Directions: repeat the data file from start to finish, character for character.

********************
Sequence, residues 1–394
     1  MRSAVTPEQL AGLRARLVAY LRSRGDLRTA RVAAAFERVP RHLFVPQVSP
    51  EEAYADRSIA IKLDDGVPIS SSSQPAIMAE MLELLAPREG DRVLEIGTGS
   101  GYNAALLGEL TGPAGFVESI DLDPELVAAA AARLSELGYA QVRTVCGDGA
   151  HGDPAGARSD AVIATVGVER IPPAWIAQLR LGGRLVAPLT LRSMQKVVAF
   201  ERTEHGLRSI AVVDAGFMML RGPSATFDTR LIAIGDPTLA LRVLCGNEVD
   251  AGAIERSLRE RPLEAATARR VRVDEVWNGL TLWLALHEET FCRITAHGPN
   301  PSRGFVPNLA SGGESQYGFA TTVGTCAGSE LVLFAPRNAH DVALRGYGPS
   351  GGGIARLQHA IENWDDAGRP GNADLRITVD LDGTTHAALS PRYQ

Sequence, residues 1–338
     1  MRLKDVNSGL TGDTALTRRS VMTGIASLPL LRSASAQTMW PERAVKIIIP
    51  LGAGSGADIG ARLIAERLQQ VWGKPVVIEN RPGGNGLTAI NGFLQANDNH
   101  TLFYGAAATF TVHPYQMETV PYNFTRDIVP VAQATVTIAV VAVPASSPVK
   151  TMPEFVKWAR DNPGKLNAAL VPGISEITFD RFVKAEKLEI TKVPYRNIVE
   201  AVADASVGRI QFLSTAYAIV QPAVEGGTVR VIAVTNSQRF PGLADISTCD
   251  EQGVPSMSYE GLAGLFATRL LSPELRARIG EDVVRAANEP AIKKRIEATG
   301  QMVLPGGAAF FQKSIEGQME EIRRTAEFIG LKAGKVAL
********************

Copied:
Sequence, residues 1–394
     1  MRSAVTPEQL AGLRARLVAY LRSRGDLRTA RVAAAFERVP RHLFVPQVSP
    51  EEAYADRSIA IKLDDGVPIS SSSQPAIMAE MLELLAPREG DRVLEIGTGS
   101  GYNAALLGEL TGPAGFVESI DLDPELVAAA AARLSELGYA QVRTVCGDGA
   151  HGDPAGARSD AVIATVGVER IPPAWIAQLR LGGRLVAPLT LRSMQKVVAF
   201  ERTEHGLRSI AVVDAGFMML RGPSATFDTR LIAIGDPTLA LRVLCGNEVD
   251  AGAIERSLRE RPLEAATARR VRVDEVWNGL TLWLALHEET FCRITAHGPN
   301  PSRGFVPNLA SGGESQYGFA TTVGTCAGSE LVLFAPRNAH DVALRGYGPS
   351  GGGIARLQHA IENWDDAGRP GNADLRITVD LDGTTHAALS PRYQ

Sequence, residues 1–338
     1  MRLKDVNSGL TGDTALTRRS VMTGIASLPL LRSASAQTMW PERAVKIIIP
    51  LGAGSGADIG ARLIAERLQQ VWGKPVVIEN RPGGNGLTAI NGFLQANDNH
   101  TLFYGAAATF TVHPYQMETV PYNFTRDIVP VAQATVTIAV VAVPASSPVK
   151  TMPEFVKWAR DNPGKLNAAL VPGISEITFD RFVKAEKLEI TKVPYRNIVE
   201  AVADASVGRI QFLSTAYAIV QPAVEGGTVR VIAVTNSQRF PGLADISTCD
   251  EQGVPSMSYE GLAGLFATRL LSPELRARIG EDVVRAANEP AIKKRIEATG
   301  QMVLPGGAAF FQKSIEGQME EIRRTAEFIG LKAGKVAL